The Dilemma of the "In Christ" Motif '

By Colin and Russell Standish

For many Evangelicals the "in Christ" motif is the central theme of the apostle Paulís theology. It is true on a significant number of occasions Paul uses the term "in Christ."

Salute Andronicus and Junia, my kinsmen, and my fellow prisoners, who are of note among the apostles, who also were in Christ before me (Romans 16:7 All emphasis added).

And was unknown by face unto the churches of Judaea which were in Christ (Galatians 1:22).

Therefore if any man be in Christ, he is a new creature: old things are passed away; behold, all things are become new (2 Corinthians 5:17).

For He hath made Him to be sin for us, who knew no sin: that we might be made the righteousness of God in Him (2 Corinthians 5:21).

The issue of the "in Christ" motif revolves around the belief that Adam was responsible for the guilt of all men and Jesus is responsible for the salvation of all men, and that human consent plays no part in either.

For as in Adam all die, even so in Christ shall all be made alive (1 Corinthians 15:22).

Nevertheless death reigned from Adam to Moses, even over them that had not sinned after the similitude of Adamís transgression, who is the figure of Him that was to come. But not as the offence, so also is the free gift. For if through the offence of one many be dead, much more the grace of God, and the gift by grace, which is by one man, Jesus Christ, hath abounded unto many. And not as it was by one that sinned, so is the gift: for the judgment was by one to condemnation, but the free gift is of many offences unto justification. For if by one manís offence death reigned by one; much more they which receive abundance of grace and of the gift of righteousness shall reign in life by One, Jesus Christ. Therefore as by the offence of one judgment came upon all men to condemnation; even so by the righteousness of One the free gift came upon all men unto justification of life (Romans 5:14Ė18).

A Blasphemous Deviation from Truth

It is frequently argued that the whole human race was in Adam when he sinned because each one of us is a genetic descendant of Adam. It is further argued that in a mysterious way, when Jesus died on the cross we were all in Christ so that "in Christ" we paid the penalty for our sins. This concept is blasphemy. The Scripture does not confirm it nor imply it. When we look at the fifth chapter of Romans which is used as a basis for this theology we read,

But God commendeth His love toward us, in that, while we were yet sinners, Christ died for us (Romans 5:8).

For if, when we were enemies, we were reconciled to God by the death of His Son, much more, being reconciled, we shall be saved by His life (Romans 5:10).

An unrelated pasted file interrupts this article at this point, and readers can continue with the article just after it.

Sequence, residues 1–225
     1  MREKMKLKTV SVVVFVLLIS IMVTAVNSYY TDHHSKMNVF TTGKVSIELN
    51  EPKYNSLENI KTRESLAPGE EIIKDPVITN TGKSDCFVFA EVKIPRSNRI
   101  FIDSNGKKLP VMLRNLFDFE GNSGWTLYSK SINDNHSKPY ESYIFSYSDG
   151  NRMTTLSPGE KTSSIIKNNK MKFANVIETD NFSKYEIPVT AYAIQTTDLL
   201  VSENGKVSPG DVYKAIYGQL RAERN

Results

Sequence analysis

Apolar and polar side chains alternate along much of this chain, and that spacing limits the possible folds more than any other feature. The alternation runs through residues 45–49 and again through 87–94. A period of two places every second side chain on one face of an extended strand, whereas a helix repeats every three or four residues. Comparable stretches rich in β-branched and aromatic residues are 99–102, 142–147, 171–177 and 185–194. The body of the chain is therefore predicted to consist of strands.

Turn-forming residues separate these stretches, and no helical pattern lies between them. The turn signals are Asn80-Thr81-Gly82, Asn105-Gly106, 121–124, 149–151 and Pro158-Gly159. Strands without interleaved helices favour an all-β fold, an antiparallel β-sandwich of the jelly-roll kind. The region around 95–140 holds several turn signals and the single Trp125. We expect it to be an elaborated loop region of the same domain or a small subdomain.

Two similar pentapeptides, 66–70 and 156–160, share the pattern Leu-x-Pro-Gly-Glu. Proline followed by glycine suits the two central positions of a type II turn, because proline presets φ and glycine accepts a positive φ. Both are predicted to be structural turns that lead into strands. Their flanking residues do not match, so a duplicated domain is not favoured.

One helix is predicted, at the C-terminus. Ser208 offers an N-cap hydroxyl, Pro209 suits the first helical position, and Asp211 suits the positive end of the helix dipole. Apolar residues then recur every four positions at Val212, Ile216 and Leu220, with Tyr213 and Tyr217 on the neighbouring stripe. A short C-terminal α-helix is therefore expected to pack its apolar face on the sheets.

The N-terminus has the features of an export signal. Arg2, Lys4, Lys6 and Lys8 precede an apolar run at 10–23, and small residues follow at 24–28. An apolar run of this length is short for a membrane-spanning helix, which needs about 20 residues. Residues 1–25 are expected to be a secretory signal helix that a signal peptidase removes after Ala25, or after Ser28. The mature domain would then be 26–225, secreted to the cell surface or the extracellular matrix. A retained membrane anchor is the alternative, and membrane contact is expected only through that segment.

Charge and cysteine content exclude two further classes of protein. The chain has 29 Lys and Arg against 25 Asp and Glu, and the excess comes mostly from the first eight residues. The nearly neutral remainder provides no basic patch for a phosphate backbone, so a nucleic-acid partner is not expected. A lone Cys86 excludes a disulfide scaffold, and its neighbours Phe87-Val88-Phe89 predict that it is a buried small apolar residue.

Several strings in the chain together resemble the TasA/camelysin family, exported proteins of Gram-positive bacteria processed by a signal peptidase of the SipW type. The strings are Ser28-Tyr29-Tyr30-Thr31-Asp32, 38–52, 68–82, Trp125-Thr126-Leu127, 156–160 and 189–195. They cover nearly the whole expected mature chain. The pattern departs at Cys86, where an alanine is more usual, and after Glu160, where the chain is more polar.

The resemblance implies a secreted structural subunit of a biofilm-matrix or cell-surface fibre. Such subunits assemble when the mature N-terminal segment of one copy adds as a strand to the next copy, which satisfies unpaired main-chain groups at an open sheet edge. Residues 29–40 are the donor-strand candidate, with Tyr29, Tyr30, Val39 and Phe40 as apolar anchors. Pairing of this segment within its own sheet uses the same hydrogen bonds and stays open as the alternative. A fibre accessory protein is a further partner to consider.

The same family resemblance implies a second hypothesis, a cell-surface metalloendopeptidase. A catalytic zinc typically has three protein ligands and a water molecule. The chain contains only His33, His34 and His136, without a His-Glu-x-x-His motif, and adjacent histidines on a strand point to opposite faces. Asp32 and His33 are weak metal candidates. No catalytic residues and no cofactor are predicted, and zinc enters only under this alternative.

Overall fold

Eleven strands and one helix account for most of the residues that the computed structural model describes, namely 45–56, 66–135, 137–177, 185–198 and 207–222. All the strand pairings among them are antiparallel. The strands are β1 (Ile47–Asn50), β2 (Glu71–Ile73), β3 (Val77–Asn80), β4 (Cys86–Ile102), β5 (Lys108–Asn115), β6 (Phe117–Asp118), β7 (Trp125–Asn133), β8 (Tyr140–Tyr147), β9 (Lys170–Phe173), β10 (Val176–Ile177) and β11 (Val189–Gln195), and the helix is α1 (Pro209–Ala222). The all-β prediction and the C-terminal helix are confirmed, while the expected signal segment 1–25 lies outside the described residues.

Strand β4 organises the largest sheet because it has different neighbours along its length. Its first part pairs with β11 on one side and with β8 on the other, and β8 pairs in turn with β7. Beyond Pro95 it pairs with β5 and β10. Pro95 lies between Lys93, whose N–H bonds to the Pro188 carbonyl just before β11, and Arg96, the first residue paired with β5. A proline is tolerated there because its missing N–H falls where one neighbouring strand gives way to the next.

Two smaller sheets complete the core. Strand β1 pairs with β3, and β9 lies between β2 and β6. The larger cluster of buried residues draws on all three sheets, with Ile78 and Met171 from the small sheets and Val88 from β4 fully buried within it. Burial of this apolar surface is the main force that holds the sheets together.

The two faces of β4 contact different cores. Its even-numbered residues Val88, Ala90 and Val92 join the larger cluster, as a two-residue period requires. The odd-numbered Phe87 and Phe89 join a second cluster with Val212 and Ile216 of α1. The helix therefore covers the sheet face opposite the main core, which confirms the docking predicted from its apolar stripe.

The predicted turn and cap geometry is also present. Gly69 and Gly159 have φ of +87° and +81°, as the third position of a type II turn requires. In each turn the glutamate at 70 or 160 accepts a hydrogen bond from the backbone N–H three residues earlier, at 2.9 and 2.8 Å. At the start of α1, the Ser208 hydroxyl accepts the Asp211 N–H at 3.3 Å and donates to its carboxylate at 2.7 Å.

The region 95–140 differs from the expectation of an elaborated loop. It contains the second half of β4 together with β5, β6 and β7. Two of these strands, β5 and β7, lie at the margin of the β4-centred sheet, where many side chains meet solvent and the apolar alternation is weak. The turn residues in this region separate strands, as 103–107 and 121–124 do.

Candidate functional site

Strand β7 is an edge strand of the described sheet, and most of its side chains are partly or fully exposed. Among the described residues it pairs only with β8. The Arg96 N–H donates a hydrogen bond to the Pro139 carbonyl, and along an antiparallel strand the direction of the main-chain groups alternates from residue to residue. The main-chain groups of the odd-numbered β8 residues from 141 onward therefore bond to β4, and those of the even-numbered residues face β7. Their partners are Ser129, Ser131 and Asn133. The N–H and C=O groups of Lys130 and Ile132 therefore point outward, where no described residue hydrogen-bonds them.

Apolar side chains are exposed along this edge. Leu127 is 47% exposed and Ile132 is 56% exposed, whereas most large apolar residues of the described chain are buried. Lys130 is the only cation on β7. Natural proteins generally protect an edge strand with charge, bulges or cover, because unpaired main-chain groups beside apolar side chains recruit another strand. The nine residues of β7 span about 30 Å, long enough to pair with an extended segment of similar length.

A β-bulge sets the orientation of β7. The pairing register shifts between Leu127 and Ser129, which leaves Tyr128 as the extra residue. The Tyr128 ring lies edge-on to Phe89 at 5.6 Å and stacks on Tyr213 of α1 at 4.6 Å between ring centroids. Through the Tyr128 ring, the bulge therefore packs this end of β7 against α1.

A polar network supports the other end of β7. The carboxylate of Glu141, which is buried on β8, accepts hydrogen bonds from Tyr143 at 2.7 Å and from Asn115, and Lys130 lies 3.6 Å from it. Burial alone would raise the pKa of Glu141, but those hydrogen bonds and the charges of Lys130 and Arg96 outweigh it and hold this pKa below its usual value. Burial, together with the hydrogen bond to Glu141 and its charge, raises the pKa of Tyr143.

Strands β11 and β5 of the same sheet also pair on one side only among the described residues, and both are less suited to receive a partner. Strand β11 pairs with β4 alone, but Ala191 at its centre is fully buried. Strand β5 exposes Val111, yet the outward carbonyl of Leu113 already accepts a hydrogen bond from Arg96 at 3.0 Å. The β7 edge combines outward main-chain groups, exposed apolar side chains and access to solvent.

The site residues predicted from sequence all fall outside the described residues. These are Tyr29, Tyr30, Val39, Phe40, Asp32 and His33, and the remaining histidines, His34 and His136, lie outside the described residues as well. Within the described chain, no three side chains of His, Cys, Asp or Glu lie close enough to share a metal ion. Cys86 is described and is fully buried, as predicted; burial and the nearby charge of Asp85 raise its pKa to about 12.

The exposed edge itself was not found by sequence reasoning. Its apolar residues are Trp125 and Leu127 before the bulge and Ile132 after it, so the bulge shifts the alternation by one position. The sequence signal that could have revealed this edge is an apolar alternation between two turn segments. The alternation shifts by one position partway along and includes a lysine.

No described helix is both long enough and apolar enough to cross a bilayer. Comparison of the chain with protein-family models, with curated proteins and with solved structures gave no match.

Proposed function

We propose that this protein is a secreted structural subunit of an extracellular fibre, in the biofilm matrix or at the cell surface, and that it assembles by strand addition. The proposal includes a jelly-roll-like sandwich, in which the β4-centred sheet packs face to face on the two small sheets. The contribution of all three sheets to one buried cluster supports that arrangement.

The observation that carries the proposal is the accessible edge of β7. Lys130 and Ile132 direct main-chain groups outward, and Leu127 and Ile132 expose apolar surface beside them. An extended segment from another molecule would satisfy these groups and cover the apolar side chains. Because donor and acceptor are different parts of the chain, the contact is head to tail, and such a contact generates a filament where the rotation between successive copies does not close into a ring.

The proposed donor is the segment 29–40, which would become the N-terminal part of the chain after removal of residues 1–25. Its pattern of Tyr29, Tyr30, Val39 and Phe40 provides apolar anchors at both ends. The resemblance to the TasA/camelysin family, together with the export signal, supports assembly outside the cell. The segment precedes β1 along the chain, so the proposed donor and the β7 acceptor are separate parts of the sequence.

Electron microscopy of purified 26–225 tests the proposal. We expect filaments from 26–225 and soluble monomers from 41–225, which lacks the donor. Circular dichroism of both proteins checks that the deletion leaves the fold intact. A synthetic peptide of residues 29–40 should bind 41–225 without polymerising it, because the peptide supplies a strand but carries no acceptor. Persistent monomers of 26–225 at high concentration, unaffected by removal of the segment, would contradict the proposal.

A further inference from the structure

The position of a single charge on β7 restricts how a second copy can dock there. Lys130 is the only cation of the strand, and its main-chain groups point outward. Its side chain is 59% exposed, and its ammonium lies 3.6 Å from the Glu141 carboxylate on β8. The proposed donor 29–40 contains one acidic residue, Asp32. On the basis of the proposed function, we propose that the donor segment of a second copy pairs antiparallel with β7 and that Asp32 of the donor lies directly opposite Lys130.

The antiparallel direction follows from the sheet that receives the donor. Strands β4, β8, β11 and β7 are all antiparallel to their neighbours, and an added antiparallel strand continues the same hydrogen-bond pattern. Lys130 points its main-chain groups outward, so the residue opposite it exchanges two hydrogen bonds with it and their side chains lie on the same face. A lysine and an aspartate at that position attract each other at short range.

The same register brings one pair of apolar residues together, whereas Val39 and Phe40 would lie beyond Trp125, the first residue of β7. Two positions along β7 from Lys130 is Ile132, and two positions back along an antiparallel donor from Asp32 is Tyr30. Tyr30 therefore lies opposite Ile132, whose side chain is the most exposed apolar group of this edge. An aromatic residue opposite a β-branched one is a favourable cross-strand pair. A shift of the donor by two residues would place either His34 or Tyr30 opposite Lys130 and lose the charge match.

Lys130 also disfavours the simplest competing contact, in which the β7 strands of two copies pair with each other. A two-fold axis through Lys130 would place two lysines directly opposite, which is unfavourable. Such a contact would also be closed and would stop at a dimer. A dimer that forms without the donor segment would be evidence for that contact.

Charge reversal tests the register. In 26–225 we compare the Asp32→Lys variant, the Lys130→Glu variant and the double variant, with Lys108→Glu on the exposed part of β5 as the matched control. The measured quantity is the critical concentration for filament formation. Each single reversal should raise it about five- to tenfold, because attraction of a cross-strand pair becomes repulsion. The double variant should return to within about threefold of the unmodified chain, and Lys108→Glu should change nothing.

Each passage clearly states that Christ died that we might be reconciled to God so that the love of God might be understood by each one of us and that Jesus might be our sin bearer. In no more beautiful way is this truth expressed than in the fifty-third chapter of Isaiah.

But He was wounded for our transgressions, He was bruised for our iniquities: the chastisement of our peace was upon Him, and with His stripes we are healed (Isaiah 53:5).

In no way, actually, genetically, or mystically, did we have anything to do with the price paid for our redemption. To imply that we were in Christ mystically when He died so that in that sense we paid the penalty for our own sins is surely an abomination and blasphemy. Inevitably the "in Christ" concept is seen by many Evangelicals as outside the saving grace of Jesus. Let us look more closely at this whole situation. What was Paul talking about when he talked about "in Christ"?

Therefore if any man be in Christ, he is a new creature: old things are passed away; behold, all things are become new (2 Corinthians 5:17).

"In Christ" and Christ in Us

The dilemma of Evangelicals who emphasize the "in Christ" motif, is that Paul does not talk about the objective gospel that they also espouse, but rather he explains that if we are in Christ we are new creatures, the old habits are passed away, and we are now in newness of life. There must be an entire transformation of character, a total subjective change of heart. This fact surely demonstrates the completeness of the new-birth experience. Paul also identifies the "Christ in" concept as central to salvation.

To whom God would make known what is the riches of the glory of this mystery among the Gentiles, which is Christ in you, the hope of glory: whom we preach, warning every man, and teaching every man in all wisdom; that we may present every man perfect in Christ Jesus (Colossians 1:27Ė28).

It will be seen that Paul, in this reference, uses both Christ in and in Christ as essential and complementary aspects of salvation. One cannot be "in Christ" if Christ is not in him. Similarly the reverse is equally true.

There is no appropriate way in which the concepts of in Christ and Christ in can be separated one from another, any more than justification and sanctification can be separated. Thus Christ in His discourses frequently placed the two concepts together.